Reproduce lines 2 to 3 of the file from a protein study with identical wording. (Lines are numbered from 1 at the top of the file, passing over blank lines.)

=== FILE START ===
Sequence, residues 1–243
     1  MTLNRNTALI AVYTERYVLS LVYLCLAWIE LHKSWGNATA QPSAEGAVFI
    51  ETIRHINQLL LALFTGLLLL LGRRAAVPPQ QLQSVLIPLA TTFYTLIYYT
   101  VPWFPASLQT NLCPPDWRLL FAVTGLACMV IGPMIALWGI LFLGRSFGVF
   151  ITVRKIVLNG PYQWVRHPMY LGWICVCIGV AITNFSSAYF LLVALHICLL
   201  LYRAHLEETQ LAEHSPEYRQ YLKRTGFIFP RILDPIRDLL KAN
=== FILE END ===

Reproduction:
     1  MTLNRNTALI AVYTERYVLS LVYLCLAWIE LHKSWGNATA QPSAEGAVFI
    51  ETIRHINQLL LALFTGLLLL LGRRAAVPPQ QLQSVLIPLA TTFYTLIYYT